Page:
Personal Tablet Use for Work – A Pain in the Neck?

This article is aimed at managers in ergonomics, health & safety, occupational health, HR or facilities roles and those who have a general interest in health, wellbeing and productivity.

If you are a tablet computer user, please help our research by completing our survey.

tablet-user-workTablet computers are everywhere. Although overall sales are currently in decline, the worldwide market for the second quarter of 2015 exceeded 44 million units. Interestingly, the majority of these sales are still to individuals rather than employers.

If this is the case, and your organisation does not provide tablets for employees, surely you have nothing to worry about? There is plenty of evidence that prolonged tablet use brings about musculo-skeletal conditions but if, as an organisation, you do not issue them, is there a problem?

I believe this should be a major concern to employers and, potentially, an enormous cause of lost productivity.

Evidence suggests that many people are using their personal tablets for work. Early results from our Tablet Use Survey indicate that nearly 80% of tablets are privately owned but 85% of tablet users are doing at least some work on them. Whether you see it as a duty of care or productivity issue – or both – employers need to be aware of the high levels of tablet use by their personnel. Whether or not you have a BYOD (Bring your own devices) policy, such use is hard to manage or control.

tablet-userSignificantly, nearly half (47%) of the respondents have experienced musculo-skeletal pain which they attribute to tablet use. As more young people enter the workplace with a history of tablet and smartphone use in unmonitored environments, it seems likely that this proportion can only increase.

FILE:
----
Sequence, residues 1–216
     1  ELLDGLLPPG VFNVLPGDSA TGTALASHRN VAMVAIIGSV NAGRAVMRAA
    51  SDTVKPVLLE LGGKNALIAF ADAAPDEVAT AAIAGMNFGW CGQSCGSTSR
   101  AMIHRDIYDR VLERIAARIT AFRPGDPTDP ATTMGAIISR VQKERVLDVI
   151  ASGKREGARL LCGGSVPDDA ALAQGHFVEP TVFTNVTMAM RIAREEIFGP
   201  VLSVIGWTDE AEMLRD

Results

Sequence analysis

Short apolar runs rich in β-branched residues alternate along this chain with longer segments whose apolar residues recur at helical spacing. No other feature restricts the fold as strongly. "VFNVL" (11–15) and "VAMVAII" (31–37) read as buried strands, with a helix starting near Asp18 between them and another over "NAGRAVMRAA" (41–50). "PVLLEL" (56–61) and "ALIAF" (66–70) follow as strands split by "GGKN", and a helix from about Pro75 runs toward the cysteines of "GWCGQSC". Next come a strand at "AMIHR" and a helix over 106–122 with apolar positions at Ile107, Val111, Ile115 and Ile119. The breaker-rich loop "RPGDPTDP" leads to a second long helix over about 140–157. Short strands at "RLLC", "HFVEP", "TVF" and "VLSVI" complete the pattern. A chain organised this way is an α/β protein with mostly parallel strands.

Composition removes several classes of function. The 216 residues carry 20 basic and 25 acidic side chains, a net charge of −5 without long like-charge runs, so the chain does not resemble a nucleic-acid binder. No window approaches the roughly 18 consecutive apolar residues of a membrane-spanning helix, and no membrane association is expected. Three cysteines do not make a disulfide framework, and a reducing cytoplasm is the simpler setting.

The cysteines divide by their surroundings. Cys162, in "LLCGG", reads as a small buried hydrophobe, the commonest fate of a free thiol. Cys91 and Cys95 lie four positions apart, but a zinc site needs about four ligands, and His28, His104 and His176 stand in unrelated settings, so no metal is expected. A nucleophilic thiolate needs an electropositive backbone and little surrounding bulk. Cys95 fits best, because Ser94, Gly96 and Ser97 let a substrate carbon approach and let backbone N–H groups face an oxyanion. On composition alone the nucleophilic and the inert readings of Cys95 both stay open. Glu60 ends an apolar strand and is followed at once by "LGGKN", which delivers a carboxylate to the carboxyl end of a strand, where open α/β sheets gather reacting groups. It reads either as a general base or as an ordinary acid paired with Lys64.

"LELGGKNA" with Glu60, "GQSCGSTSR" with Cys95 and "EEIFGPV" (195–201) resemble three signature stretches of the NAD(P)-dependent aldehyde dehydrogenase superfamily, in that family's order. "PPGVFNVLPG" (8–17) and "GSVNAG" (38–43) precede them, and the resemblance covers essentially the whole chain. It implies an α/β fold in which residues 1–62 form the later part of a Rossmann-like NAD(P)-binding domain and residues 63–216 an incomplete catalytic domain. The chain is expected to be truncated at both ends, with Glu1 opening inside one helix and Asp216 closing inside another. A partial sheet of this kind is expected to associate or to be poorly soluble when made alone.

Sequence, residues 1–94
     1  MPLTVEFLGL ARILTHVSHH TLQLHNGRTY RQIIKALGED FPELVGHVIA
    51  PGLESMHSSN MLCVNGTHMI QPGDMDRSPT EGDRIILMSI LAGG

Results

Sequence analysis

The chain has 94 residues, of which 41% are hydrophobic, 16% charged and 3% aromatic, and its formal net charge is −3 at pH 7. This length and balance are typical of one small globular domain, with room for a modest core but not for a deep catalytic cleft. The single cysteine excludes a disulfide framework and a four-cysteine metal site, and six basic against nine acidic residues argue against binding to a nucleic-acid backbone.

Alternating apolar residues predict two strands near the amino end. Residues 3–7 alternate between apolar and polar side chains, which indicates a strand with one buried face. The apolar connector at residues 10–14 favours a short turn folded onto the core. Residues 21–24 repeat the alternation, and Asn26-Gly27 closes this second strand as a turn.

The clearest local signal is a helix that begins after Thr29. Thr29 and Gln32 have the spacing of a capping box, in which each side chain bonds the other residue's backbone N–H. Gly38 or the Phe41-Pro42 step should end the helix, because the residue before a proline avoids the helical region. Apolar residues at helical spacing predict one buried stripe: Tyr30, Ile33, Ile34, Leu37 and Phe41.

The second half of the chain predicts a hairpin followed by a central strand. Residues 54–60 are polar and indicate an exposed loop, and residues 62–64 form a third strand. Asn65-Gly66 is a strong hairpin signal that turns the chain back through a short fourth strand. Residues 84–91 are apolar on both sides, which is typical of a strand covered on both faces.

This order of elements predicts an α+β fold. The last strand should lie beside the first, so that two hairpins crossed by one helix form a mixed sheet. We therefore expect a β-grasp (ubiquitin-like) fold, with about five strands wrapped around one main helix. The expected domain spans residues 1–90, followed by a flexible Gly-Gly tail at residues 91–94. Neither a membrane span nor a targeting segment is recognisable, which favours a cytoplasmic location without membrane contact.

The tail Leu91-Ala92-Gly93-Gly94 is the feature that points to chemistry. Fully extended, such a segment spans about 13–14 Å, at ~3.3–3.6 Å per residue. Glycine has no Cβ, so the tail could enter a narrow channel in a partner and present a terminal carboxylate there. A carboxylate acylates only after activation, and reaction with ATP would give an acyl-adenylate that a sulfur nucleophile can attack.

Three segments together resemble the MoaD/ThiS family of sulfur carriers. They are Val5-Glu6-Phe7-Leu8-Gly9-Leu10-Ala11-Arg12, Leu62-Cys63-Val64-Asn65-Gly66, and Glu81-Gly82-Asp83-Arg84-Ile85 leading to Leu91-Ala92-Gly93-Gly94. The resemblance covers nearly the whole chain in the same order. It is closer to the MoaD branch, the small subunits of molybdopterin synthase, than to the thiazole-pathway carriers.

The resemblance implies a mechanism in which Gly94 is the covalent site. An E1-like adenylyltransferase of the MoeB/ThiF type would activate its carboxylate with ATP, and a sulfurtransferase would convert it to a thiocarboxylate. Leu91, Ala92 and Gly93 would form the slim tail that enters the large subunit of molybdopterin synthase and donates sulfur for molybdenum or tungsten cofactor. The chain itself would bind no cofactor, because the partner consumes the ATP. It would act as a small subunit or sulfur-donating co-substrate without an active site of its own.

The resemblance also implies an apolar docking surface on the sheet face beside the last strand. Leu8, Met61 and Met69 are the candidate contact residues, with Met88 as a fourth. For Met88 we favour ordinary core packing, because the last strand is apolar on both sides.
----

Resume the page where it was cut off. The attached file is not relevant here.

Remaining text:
Nearly 85% of survey respondents so far have indicated that they use either a computer or a tablet for certain activities, depending on the circumstances. Anecdotally, we also see the length of time spent on work-related tablet activity increasing as users find more apps and become more familiar with their tablet. I have said many times that the ergonomics issues relating to tablet use today are similar to the situation we faced with laptops twenty years ago. For example, only about 10% of respondents ever use a separate keyboard.

My purpose here has been to give an early idea of the key indicators and food for thought about the potential issues. When we publish the full results, I shall be providing further comment as well as more ideas about what I think we need to do about the explosive growth in tablet use.

In the meantime, the survey is open until the end of November 2015 so please help our research by taking part yourself or encouraging friends and colleagues to do so. You could also copy and past the purple text below into your social media channels. Many thanks!

If you’re a tablet computer user, please take part in our user survey to win a TabletRiser & Bluetooth Keyboard http://svy.mk/1EQGs8I 

2 Responses to Personal Tablet Use for Work – A Pain in the Neck?

  1. le0011 says:

    What are the sorts of risks people run into when using tablets for long periods of time, such as reading lecture notes or course readings? What are some tips? The increasing use of tablets as replacements for books makes information like this even more important in today’s generation. HTL

    • Guy Osmond says:

      Sorry that it has taken so long to get back to you. We have been working on some guidance for handheld device users for a while. This applies as much to students as it does in the workplace. Our original Posture Guidance for computer users was quite simple to design because you can make some basic assumptions about the existence of a computer, a desk and a chair. With smartphones and tablets, you can make no such assumptions. Indeed, you have to assume the user may be sitting, standing or lying down. The final guidance can be found (with several other downloadable resources) at http://www.ergonomics.co.uk/downloads.html

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